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FCC Will Add Vehicles for Pirate Radio Enforcement

The commission also will hire more field agents for the project

To help fight pirate radio, the Federal Communications Commission hired four full-time people in fiscal 2023 and is in the process of hiring more.

That’s according to the FCC Enforcement Bureau’s annual report to Congress about its enforcement efforts to fight illegal radio. 

The FCC has also ordered six vehicles to support the hires with mobile direction-finding equipment. “These six vehicles will be outfitted in the 2024 and 2025 calendar years … and will include specialized hardware and software for the detection for pirate radio operators,” it wrote.

“We also purchased additional equipment that will help us identify and locate pirate radio operators.”

The FCC must submit the report under the Preventing Illegal Radio Abuse Through Enforcement (PIRATE) Act, which became law in 2020.

The act increased the maximum monetary penalties for pirate operators; those caps now are $119,000 per day and $2.4 million total.

The commission reported to Congress that during the past fiscal year, it announced its first proposed fines under the act, including a maximum one against César Ayora and Luis Angel Ayora for pirate broadcasting in Queens, N.Y. That fine was later affirmed, though there has been no indication that it has been paid.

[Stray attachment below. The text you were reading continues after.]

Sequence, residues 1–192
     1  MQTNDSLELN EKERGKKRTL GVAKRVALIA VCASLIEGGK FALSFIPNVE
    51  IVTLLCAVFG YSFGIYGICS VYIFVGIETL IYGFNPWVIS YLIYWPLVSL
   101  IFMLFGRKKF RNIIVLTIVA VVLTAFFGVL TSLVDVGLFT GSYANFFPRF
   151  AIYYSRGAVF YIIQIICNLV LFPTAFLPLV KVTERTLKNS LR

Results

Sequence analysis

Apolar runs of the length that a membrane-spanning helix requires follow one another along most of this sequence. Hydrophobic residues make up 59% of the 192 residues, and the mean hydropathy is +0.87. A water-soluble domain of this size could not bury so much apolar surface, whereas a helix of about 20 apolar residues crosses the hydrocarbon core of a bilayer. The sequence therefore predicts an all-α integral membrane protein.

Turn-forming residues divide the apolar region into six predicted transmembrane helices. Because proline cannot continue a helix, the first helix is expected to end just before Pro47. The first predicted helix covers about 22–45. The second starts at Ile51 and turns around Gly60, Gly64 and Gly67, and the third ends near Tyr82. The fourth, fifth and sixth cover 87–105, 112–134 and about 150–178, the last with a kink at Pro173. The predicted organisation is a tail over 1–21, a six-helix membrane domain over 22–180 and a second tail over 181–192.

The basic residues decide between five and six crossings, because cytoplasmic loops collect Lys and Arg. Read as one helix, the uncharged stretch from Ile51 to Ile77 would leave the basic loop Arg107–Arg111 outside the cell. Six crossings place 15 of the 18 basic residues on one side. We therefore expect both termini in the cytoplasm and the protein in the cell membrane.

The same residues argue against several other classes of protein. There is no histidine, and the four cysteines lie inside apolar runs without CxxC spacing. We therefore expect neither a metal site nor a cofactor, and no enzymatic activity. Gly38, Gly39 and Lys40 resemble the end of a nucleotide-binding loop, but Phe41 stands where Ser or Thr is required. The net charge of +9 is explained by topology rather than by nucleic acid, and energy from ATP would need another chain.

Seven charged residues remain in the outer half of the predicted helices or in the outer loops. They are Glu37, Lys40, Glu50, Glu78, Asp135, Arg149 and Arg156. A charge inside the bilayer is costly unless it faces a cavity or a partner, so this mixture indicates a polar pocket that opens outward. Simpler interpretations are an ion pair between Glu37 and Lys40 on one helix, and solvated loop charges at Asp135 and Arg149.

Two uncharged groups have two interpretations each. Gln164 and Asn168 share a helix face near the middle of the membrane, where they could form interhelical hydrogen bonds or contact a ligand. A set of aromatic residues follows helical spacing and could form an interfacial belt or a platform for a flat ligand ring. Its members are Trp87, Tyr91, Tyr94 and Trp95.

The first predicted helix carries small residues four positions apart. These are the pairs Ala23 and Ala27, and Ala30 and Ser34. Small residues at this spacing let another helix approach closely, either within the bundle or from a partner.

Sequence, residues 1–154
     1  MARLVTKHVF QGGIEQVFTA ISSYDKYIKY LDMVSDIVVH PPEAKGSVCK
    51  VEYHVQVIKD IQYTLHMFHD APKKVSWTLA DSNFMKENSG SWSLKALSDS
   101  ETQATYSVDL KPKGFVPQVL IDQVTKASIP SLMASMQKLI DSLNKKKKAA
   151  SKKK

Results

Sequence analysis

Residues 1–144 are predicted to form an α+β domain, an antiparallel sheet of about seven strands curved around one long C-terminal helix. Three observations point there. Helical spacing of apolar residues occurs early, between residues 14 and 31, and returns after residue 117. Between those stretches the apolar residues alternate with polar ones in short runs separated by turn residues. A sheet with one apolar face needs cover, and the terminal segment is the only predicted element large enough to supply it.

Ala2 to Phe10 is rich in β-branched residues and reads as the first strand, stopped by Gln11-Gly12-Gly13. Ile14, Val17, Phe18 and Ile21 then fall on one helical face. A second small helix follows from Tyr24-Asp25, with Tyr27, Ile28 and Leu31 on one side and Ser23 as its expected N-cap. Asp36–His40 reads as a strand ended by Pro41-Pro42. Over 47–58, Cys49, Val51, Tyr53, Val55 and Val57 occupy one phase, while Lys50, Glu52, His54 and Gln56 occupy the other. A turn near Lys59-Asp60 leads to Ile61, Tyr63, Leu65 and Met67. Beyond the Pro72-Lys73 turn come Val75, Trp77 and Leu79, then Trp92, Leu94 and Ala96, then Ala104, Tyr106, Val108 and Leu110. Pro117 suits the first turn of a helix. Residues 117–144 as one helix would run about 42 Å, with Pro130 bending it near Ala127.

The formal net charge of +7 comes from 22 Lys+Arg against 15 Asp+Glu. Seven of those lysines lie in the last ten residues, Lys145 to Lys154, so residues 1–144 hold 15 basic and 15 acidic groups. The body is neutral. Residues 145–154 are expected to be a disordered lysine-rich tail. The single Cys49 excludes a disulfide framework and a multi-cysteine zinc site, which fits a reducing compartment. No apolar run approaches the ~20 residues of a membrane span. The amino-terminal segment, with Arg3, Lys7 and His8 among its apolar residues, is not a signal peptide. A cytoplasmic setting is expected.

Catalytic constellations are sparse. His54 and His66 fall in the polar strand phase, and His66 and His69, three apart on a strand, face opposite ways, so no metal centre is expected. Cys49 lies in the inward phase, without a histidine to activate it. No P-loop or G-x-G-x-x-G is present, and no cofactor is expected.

(Though not in fiscal 2023, the commission in November also proposed major fines against three more operators in the New York City area.)

A color-coded map shows which states have seen FCC pirate radio enforcement since mid-2020. Visit the commission dashboard to see the data and map key.

The act also requires the FCC to conduct annual enforcement “sweeps” of pirate radio in the five markets with the most pirate operations; the commission said it began sweeps in late 2022, though it gave no details other than to say that it is seeking to hire agents in areas where it conducts the sweeps.

The PIRATE Act also gave the FCC more enforcement authority over property owners and managers that allow pirates on their property. 

In FY23, the Enforcement Bureau said, issued 44 notices to owners and landlords, including 25 related to pirate sweeps. “Because pirate radio stations often cease operating for a period of time but then return, the bureau will continue to monitor the properties for which notices were provided and will initiate enforcement action where appropriate,” it stated.

And the act required the FCC to build a database of pirate enforcement efforts. It debuted in January last year and has been updated through Dec. 31. 

The database lists 90 enforcement actions over the past 3-1/2 years, including the fines discussed above, a few consent decrees and other NALs, and the notices to landlords. New York, Massachusetts and Florida have seen the most enforcement activity during that time, with New York alone accounting for almost 40% of the actions.

[Read more stories about pirate radio enforcement]